Improve your memory
So how can entrepreneurs improve their memory to better their business relationships and commercial success? Cooke suggests they first focus on defining why they want to do it in the first place. “Motivation is always at the heart of learning, so having a strong, emotional reason as to why you wish to learn something is always the strongest foundation.”
Next, it’s “learn little and often.” Memory marathons are not the answer to improving your memory. “The brain digests information best in small morsels, so many small increments always beats a few large sessions…. schedule short sessions that you commit to regularly, even for just five minutes a day.”
Whether it’s remembering the names of people you meet, details about them, important figures, stats or case studies, Cooke advises to “use your imagination” when actively trying to remember them. “We remember interesting things pretty much automatically, so much of the art of memory is transforming forgettable things into more memorable form.” Cooke says this can be done “through mnemonics, by putting them to music, by acting them out, or through any means you can dream up that adds personality and emotion through association.”
Many people reach the end of a day only to forget what they achieved or draw a blank when asked a question that involves information recall. It’s totally normal. “All memories fade” explains Cooke. “The trick is to consciously review the ones you care about to keep them fresh. Think of it like watering the plants in the garden of your mind, strengthening the memories and giving them new life.” One method is to spend ten to fifteen minutes during the evening running through what happened in the day. Give attention to the people you saw, the conversations you had and the actions you completed. Cooke says “this simple act of repetition drives better recall and will help you remember the events of your own life better, as well as the names of candidates you recently interviewed on Zoom!”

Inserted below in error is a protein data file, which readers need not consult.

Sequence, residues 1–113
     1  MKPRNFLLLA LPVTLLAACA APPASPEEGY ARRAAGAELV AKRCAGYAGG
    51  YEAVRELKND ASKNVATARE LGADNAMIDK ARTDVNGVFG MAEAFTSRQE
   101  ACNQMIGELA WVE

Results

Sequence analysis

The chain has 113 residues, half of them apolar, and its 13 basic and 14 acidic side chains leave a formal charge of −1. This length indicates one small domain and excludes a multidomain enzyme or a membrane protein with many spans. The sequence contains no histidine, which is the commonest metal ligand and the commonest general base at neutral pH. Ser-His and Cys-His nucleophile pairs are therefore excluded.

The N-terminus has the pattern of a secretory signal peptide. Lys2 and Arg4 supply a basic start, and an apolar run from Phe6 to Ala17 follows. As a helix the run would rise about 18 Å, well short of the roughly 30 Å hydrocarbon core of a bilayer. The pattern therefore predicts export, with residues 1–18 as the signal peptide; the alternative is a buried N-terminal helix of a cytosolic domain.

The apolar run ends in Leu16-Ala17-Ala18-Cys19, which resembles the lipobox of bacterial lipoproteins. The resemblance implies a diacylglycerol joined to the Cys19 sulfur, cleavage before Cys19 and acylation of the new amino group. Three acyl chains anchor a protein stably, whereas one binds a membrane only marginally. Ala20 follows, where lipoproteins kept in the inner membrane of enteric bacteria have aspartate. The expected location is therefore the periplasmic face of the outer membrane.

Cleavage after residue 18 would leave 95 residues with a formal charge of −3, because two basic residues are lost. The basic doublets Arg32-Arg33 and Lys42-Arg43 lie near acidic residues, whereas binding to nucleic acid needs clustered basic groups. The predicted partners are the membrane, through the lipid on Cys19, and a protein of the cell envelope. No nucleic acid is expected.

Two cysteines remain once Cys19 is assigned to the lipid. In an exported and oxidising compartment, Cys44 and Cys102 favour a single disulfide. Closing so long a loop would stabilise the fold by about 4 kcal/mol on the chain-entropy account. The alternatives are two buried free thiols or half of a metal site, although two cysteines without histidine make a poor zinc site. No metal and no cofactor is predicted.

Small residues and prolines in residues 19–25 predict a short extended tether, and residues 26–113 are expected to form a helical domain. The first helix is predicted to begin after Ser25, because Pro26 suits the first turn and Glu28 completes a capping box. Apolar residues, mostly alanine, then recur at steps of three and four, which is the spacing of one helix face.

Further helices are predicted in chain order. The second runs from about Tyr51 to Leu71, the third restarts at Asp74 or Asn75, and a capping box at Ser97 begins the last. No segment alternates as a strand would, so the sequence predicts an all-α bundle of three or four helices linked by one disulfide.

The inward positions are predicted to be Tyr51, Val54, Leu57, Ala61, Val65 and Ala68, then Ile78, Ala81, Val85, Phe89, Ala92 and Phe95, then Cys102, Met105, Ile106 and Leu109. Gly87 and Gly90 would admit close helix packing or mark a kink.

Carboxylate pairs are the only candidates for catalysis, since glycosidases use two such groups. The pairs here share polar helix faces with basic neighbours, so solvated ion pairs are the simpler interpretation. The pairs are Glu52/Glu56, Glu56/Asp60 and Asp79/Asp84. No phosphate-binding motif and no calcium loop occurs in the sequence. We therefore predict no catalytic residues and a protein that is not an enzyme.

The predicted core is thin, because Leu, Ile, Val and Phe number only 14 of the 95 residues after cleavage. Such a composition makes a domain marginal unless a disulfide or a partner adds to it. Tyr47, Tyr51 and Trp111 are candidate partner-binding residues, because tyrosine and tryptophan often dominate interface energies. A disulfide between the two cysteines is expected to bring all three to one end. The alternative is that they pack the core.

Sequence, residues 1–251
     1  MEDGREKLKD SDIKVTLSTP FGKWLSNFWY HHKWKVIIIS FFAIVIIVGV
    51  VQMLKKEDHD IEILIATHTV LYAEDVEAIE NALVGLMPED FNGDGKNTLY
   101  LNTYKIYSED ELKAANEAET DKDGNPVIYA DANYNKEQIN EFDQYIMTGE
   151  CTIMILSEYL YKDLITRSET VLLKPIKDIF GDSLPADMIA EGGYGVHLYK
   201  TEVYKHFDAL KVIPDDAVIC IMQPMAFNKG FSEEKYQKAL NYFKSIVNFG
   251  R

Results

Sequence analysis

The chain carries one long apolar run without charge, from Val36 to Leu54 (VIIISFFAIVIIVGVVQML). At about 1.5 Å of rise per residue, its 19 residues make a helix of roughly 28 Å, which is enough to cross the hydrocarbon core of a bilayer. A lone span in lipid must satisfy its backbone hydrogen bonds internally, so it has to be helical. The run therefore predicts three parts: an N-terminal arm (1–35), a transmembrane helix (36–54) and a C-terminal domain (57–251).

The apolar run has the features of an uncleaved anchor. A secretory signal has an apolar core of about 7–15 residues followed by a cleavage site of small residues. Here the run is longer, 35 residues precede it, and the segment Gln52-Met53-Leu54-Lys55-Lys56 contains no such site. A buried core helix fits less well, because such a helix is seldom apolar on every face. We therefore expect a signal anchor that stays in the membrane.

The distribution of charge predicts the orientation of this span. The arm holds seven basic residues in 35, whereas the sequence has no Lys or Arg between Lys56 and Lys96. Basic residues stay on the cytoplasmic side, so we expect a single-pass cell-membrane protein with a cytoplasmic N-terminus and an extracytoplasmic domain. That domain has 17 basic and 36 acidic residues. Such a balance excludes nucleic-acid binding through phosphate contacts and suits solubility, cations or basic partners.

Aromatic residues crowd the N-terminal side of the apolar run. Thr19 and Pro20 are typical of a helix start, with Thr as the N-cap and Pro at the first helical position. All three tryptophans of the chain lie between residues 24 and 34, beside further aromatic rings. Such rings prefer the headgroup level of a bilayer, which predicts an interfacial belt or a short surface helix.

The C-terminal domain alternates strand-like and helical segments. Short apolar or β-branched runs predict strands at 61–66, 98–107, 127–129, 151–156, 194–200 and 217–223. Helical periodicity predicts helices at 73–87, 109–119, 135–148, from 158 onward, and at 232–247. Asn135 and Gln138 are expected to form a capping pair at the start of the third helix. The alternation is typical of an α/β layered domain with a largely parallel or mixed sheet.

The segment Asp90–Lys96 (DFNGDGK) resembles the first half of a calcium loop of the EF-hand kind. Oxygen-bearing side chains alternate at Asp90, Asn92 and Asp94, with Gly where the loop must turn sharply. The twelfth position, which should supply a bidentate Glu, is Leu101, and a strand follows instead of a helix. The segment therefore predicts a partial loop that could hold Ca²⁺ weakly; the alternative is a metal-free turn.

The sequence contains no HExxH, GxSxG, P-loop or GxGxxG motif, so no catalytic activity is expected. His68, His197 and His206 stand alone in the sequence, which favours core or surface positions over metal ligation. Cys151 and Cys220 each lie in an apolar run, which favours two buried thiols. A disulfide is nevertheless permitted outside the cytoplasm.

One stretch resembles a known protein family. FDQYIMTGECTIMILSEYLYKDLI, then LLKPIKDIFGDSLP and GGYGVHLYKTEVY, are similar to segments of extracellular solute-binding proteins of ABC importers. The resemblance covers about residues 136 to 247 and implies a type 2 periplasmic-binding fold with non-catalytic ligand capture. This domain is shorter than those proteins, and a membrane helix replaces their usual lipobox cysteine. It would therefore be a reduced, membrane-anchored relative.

Before you meet someone, think hard about the last conversation you had with them. What did you talk about, what did they tell you? See if you can focus on finding the answers and avoid distractions while you’re listening and remembering. When our brains hit stumbling blocks, it’s natural to want to pull your phone out and find some easy dopamine rather than struggle through, but it’s the perseverance that leads to information recall and trains your brain to remember information better.
Cooke advises that you test yourself in this way regularly, so your memory is worked like a muscle. “Memories aren’t information inside the brain, they’re things you’re able to do. To have a memory is to be able to recall it; for this reason, the best way to learn is, paradoxically, to actively test what you’ve learned. This active recall strengthens your neural pathways, directly training the ability to recall for next time.”
Developing a brilliant memory has benefit beyond its simple premise. The more you can remember about a client or colleague the more you have to ask them about. The more you ask, the more you know and the more a conversation can become profound and worthwhile instead of shallow and trivial. The more you remember of your life the more interesting your conversations and the less likely you are to repeat old mistakes. Life and work can be memorable and remarkable over forgettable or superficial.